The 2021 tobacco selling season has started today with the opening ceremony this morning at the Tobacco Sales Floor in Harare and with contract sales opening tomorrow.
Last year the first bale was auctioned at US$4 per kilogramme.
Minister Masuka said he expected prices to firm as the season progressed.
As was the case last year, sales will run under the strict Covid-19 guidelines developed by the tobacco industry with guidance from Lands, Agriculture, Fisheries, Water and Rural Resettlement Ministry.
Lands, Agriculture, Fisheries, Water and Rural Resettlement Minister Dr Anxious Masuka presided over the official opening which was also attended by his deputy Douglas Karoro, Tobacco Industry and Marketing Board chairman Pat Devenish and CEO Dr Andrew Matibiri, Tobacco research Board chief executive, Dr Dahlia Garwe, farmers’ unions and farmers among others.
The Tobacco Industry and Marketing Board (TIMB) has licensed the three traditional auction floors in Harare: Boka Tobacco Floors, Tobacco Sales Floor and Premier Tobacco Floors.
Only a modest fraction of the crop is now sold on auction, with most farmers and most of the crop going through the contract system.
As was the case last year, some of the contracting companies will operate out-of-Harare sales points.
Given the growing conditions experienced this year, a lighter, soft-natured and more mature crop is expected.
The tobacco regulatory body, TIMB said it was critical to fix tight operational modalities during this marketing season to ensure business is done in the safest possible environment for all stakeholders in the industry.
Stakeholders said they were satisfied by the opening day proceedings and expected prices to firm as the season progresses.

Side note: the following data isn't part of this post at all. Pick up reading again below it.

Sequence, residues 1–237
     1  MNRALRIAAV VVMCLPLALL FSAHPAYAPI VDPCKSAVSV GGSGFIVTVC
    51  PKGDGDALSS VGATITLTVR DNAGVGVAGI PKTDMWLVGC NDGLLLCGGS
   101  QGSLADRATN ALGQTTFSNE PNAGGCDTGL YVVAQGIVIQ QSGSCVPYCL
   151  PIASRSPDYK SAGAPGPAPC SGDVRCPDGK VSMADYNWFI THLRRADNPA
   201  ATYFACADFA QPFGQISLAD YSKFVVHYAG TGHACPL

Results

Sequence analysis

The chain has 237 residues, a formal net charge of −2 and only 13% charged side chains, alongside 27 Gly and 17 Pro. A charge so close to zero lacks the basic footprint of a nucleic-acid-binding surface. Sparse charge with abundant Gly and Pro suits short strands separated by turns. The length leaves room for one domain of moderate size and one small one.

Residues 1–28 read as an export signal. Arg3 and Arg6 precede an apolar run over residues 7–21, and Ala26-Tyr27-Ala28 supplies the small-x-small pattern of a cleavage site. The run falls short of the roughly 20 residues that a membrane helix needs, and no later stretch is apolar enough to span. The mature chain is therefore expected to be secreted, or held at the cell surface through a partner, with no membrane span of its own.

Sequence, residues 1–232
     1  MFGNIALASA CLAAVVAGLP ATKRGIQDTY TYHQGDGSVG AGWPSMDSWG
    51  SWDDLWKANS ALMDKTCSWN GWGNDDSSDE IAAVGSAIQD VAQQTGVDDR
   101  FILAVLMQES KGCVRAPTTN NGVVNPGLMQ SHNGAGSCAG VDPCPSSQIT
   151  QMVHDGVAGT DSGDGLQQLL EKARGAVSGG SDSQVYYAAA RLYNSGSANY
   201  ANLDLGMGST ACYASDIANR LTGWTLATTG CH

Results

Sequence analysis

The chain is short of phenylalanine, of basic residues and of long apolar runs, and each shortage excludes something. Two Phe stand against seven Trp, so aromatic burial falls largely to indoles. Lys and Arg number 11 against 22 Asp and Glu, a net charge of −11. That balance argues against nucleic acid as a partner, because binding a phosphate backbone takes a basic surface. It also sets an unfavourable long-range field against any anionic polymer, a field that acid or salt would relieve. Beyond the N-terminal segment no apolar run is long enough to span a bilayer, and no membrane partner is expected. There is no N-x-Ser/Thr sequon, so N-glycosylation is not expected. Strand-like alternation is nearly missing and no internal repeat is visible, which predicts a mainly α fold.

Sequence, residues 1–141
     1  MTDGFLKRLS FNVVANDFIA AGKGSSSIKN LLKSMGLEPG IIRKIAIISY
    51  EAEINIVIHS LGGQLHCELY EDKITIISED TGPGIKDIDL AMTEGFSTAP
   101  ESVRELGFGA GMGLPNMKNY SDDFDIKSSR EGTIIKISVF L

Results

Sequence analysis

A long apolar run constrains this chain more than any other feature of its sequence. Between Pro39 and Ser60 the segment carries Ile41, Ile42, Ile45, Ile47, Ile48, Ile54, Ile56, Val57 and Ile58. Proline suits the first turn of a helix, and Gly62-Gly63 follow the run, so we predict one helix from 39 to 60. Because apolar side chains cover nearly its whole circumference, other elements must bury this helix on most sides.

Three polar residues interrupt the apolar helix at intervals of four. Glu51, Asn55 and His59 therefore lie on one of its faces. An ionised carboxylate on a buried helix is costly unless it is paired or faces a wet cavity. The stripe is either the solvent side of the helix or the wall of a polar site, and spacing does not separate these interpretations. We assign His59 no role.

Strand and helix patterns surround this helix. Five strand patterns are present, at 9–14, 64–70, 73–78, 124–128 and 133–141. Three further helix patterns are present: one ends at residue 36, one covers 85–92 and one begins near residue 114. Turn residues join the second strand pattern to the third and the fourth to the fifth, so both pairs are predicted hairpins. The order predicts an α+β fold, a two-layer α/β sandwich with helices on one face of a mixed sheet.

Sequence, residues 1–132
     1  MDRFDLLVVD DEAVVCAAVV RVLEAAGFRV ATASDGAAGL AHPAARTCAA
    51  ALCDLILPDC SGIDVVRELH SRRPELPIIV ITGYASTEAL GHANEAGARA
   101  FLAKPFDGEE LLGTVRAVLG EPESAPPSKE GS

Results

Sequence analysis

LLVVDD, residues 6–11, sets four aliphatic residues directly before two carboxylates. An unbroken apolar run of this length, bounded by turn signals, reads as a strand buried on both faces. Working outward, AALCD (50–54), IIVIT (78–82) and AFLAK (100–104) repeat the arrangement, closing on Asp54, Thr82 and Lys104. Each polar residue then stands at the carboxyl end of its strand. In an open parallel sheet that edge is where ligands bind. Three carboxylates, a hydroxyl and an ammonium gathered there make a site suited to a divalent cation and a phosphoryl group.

All auction floors conducted sales and said they were expecting deliveries to intensify in the next days.
Premier Tobacco Floors executive director Mr Owen Murumbi said last year they received less than 100 bales at the opening day but this season they had 450 bales.
“The crop was affected by excessive rain but we expect prices to improve as the season progresses.
“We have implemented all the Covid-19 regulations and Boka Tobacco Floors managing director, Mrs Chido Boka Nyakudya said she was happy with the prices on the first day.
“We had ,ow volumes of tobacco today because we have opened up floors in Karoi, Mvurwi and Rusape. We expect more farmers to sell through our decentralised floors.
“The prices so far are fair and we expect them to improve as we go further into the season,” she said.
According to the Zimbabwe Tobacco Association (ZTA), although yields will be down, the quality of this season’s crop is better than last year.
“While disease-affected, thinner crops may not be acceptable by all buyers, there remains a strong demand. Much firmer US dollar prices are expected that should push the national average price significantly up on last season,” said the ZTA.
This season, tobacco growers will be paid 60 percent of their earnings in foreign currency while the remaining 40 percent will be paid in local currency using the auction rate, with a higher foreign currency component than last year’s 50-50
Farmers were pressing for up to 80 percent foreign currency retention after their experience last year when farmers were hit by a static interbank rate that had lost touch with reality.
This year they are getting the market-related auction rate.
TIMB has put in regulations that merchants must abide by before they are registered to eliminate fly-by-night players.
The regulations meant copies of legally binding contracts had to be submitted by September 30 last year and proof of inputs distributed either paid up invoices or payment plans with suppliers.
Contractors also had to send TIMB a complete schedule of inputs and their costs by June 30.
TIMB chairman Mr Pat Devenish said most merchants had met the requirement and that contracting companies had largely complied with new regulations on funding their contracted farmers.
The Lands, Agriculture, Fisheries, Water and Rural Resettlement Ministry indicated that it was impressed by the level of preparedness by auction floors and their adherence to Covid-19 regulations.
Farmers said they were expecting a smooth season where they do not experience challenges especially on payments.
About 200 million kilogrammes of tobacco are expected to go under the hammer this season.
Last season, farmers sold 184 million kilogrammes.